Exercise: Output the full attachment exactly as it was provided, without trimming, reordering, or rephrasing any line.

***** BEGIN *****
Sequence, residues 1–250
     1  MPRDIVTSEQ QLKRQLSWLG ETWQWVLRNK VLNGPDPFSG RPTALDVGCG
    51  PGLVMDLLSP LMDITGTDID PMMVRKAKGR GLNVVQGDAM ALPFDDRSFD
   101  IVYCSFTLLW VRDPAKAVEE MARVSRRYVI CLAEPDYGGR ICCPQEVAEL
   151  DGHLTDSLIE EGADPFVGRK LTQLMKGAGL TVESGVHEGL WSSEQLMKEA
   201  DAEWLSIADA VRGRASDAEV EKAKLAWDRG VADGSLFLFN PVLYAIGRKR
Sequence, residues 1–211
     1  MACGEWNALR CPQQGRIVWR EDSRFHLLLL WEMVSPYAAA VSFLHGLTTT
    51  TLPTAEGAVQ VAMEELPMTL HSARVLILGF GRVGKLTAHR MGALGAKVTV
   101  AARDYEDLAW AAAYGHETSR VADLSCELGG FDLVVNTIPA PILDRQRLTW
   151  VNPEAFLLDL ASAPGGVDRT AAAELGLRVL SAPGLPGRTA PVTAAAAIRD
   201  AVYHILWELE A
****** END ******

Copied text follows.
Sequence, residues 1–250
     1  MPRDIVTSEQ QLKRQLSWLG ETWQWVLRNK VLNGPDPFSG RPTALDVGCG
    51  PGLVMDLLSP LMDITGTDID PMMVRKAKGR GLNVVQGDAM ALPFDDRSFD
   101  IVYCSFTLLW VRDPAKAVEE MARVSRRYVI CLAEPDYGGR ICCPQEVAEL
   151  DGHLTDSLIE EGADPFVGRK LTQLMKGAGL TVESGVHEGL WSSEQLMKEA
   201  DAEWLSIADA VRGRASDAEV EKAKLAWDRG VADGSLFLFN PVLYAIGRKR
Sequence, residues 1–211
     1  MACGEWNALR CPQQGRIVWR EDSRFHLLLL WEMVSPYAAA VSFLHGLTTT
    51  TLPTAEGAVQ VAMEELPMTL HSARVLILGF GRVGKLTAHR MGALGAKVTV
   101  AARDYEDLAW AAAYGHETSR VADLSCELGG FDLVVNTIPA PILDRQRLTW
   151  VNPEAFLLDL ASAPGGVDRT AAAELGLRVL SAPGLPGRTA PVTAAAAIRD
   201  AVYHILWELE A